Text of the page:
simple urban amenities at the public edge: a comparison

An eclectic Provence window below introduces a back and forth conversation between American facades (to the left) and their counterparts (to the right), contrasting often uneventful stylistic reserve and usually empty balconies with traditions of rich color and plantings, angular perspectives and private spaces speaking outward to the street.

What if American cities legislated brighter color amid windows, balconies planted green and encouraged flags and hanging laundry? What if homeowner associations and rental contracts required vegetation and decoration of the interface with the street below?

For all of today’s urbanist dialogue about density, transit and proximity of home and work, an enhanced urban look and feel can also derive from practicing simple traditions of visual diversity.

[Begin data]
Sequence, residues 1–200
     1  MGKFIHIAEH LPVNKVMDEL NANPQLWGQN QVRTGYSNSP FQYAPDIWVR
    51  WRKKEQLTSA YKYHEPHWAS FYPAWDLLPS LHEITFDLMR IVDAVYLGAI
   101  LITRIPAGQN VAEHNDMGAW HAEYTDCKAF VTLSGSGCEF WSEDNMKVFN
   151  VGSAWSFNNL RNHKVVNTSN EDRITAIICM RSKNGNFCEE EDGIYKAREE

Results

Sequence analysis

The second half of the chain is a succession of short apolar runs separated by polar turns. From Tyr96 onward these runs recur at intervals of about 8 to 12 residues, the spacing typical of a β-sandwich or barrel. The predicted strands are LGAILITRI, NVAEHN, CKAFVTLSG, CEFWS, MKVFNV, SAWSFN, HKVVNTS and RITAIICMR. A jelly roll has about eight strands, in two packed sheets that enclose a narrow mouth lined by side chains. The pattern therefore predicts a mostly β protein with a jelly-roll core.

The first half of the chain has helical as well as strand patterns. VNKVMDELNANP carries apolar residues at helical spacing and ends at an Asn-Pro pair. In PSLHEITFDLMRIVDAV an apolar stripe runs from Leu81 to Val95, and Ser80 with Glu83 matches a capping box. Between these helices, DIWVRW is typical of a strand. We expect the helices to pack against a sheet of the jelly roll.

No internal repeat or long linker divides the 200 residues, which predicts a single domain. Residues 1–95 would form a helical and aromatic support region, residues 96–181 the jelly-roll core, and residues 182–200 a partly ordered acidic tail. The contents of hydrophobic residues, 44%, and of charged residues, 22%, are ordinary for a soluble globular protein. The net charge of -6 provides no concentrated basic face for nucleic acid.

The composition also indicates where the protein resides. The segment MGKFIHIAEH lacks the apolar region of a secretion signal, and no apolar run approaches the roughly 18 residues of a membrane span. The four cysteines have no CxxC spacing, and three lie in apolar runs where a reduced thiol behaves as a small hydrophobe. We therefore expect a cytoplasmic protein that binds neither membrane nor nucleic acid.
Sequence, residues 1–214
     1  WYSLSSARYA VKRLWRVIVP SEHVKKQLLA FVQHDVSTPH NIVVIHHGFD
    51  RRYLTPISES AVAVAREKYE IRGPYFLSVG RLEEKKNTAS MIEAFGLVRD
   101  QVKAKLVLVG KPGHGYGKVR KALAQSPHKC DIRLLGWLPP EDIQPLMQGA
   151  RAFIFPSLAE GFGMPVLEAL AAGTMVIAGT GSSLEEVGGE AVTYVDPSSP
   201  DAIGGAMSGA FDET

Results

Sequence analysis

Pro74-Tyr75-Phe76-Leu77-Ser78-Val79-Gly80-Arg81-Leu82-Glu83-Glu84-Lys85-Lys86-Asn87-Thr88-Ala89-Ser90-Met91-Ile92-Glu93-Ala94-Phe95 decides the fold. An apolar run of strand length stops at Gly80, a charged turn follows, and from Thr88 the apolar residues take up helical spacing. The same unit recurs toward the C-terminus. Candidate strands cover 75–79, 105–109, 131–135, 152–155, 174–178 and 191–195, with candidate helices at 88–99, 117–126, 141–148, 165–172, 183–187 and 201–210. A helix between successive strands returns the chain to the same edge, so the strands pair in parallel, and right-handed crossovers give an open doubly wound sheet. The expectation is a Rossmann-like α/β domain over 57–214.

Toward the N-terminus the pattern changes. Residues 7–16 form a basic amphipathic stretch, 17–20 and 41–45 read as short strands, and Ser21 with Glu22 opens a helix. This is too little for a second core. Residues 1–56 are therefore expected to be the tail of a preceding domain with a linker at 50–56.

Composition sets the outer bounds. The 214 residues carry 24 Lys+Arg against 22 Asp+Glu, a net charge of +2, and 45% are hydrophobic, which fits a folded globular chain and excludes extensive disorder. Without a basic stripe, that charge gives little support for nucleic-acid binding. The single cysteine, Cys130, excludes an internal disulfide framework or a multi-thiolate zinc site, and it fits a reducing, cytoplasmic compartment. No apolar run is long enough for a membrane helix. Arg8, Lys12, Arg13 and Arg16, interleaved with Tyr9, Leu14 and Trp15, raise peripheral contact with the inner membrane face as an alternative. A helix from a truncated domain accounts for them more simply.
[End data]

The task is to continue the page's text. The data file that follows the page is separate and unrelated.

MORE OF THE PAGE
17 thoughts on “simple urban amenities at the public edge: a comparison

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  3. Great post. I think such personalized public displays could help generate interest in urbanism. One of the major detractions from such movements is the perception of a loss of individual expression that stems from the rather corporate appearance of urban space. Allowing people the opportunity to add a certain vivid texture to urban space would certainly increase the appeal and would also create an opportunity for people to socialize.

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